Dr. Kissinger's Role in Wiretapping: Hearings Before the Committee on Foreign Relations, United States Senate, Ninety-third Congress, Second Session....

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U.S. Government Printing Office, 1974 - 409 strani
 

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Stran 343 - Nothing contained in this chapter or in section 605 of the Communications Act of 1934 (48 Stat. 1143; 47 USC 605) shall limit the constitutional power of the President to take such measures as he deems necessary to protect the Nation against actual or potential attack or other hostile acts of a foreign power, to obtain foreign intelligence information deemed essential to the security of the United States, or to protect national security information against foreign intelligence activities.
Stran 18 - It is clear that I don't have anybody in my office that I can trust except Colonel Haig" (quoted on page 28 of the Smith 6/25/73 summary).
Stran 352 - Because management of the bureaucracy takes so much energy and precisely because changing course is so difficult, many of the most important decisions are taken by extra-bureaucratic means. Some of the key decisions are kept to a very small circle while the bureaucracy happily continues working away in ignorance of the fact that decisions are being made, or of the fact that a decision is being made in a particular area.
Stran 352 - ... the fact that a decision is being made in a particular area. One reason for keeping the decisions to small groups is that when bureaucracies are so unwieldy and when their internal morale becomes a serious problem, an unpopular decision may be fought by brutal means, such as leaks to the press or to congressional committees.
Stran 351 - ... result * * *. Once the American decisionmaking process has disgorged an answer, it becomes technically very difficult to change the policy because even those who have serious doubts about it become reluctant to hazard those doubts in an international forum. There is no telling what would come out of a reevaluation of existing measures. If one wishes to influence American foreign policy, the time to do so is in the formative period, and the level is the middle level of the bureaucracy — that...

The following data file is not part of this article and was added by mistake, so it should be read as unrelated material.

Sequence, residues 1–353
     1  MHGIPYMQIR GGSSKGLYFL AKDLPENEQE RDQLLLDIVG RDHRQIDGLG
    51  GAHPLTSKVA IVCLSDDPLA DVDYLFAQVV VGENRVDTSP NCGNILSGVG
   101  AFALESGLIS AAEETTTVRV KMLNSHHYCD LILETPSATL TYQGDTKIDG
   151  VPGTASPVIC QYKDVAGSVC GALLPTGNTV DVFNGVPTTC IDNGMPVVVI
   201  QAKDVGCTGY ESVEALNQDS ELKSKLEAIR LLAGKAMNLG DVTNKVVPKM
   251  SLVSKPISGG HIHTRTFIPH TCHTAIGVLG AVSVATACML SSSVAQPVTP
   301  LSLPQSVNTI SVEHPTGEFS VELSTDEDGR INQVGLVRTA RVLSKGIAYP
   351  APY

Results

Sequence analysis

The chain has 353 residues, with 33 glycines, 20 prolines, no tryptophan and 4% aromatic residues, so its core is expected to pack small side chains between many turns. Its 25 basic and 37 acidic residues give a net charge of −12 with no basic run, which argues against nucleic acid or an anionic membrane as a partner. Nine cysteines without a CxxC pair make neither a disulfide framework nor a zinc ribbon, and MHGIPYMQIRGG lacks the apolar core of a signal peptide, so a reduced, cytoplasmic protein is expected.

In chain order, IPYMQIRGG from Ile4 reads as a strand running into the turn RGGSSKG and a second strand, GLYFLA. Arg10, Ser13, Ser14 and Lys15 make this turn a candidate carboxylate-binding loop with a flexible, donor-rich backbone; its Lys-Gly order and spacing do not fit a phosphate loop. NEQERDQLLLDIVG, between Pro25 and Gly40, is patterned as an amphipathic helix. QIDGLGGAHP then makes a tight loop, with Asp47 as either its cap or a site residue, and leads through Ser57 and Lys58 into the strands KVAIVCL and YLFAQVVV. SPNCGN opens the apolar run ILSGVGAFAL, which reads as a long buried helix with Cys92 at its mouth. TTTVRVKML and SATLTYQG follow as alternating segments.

Stran 13 - But beyond this, the issue of wiretapping raises the issue of the balance between human liberty and the requirements of national security. I would say that the weight should be on the side of human liberty and that if human liberty is to be ever infringed, the demonstration on the national security side must be overwhelming. That would be my general attitude.
Stran 87 - Mr. Hoover had used wiretap information to blackmail other Presidents of the United States and was afraid that he could blackmail Mr. Nixon with this information. Mr. Sullivan reiterated his request of Mr. Mardian to personally contact the President of the United States and pass along Mr.
Stran 351 - This was given at the University of California, by Dr. Kissinger in 1968. It says: Also, research and intelligence organizations, either foreign or national, attempt to give a rationality and consistency to foreign policy which it simply does not have. I have found it next to impossible to convince Frenchmen that there is no such thing as an American foreign policy, and that a series of moves that have produced a certain result may not have been planned to produce that result * * *. Once the American...
Stran 352 - Our governmental process works reasonably well in relation to specific technical issues and also when there is an adversary procedure. If one department is strongly for something and another department opposed, then the President or cabinet officer has a chance of elaborating an overall purpose. The system goes awry if you have a small, dedicated, unopposed group. Because of this gap between expertise and decision-making, a great deal of communication occurs by means of a briefing.
Stran x - The committee reaffirms its position of last year that his role in the wiretapping "* * * did not constitute grounds to bar his confirmation as Secretary of State.

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